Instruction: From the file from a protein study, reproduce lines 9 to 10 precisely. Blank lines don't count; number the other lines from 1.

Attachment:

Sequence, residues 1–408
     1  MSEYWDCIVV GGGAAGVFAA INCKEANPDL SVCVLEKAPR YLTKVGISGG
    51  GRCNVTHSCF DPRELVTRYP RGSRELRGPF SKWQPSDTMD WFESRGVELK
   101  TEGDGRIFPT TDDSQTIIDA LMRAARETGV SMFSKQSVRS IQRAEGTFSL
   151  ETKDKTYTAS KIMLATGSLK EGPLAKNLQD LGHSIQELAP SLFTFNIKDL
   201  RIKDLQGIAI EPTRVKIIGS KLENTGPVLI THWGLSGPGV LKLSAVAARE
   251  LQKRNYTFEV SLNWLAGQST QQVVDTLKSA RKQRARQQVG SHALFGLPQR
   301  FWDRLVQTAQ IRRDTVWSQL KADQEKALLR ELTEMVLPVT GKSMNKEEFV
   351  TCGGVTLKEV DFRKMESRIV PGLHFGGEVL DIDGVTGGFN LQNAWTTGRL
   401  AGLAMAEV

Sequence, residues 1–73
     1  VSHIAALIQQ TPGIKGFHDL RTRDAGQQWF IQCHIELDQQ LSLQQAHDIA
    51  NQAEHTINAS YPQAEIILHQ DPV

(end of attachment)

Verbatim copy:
   351  TCGGVTLKEV DFRKMESRIV PGLHFGGEVL DIDGVTGGFN LQNAWTTGRL
   401  AGLAMAEV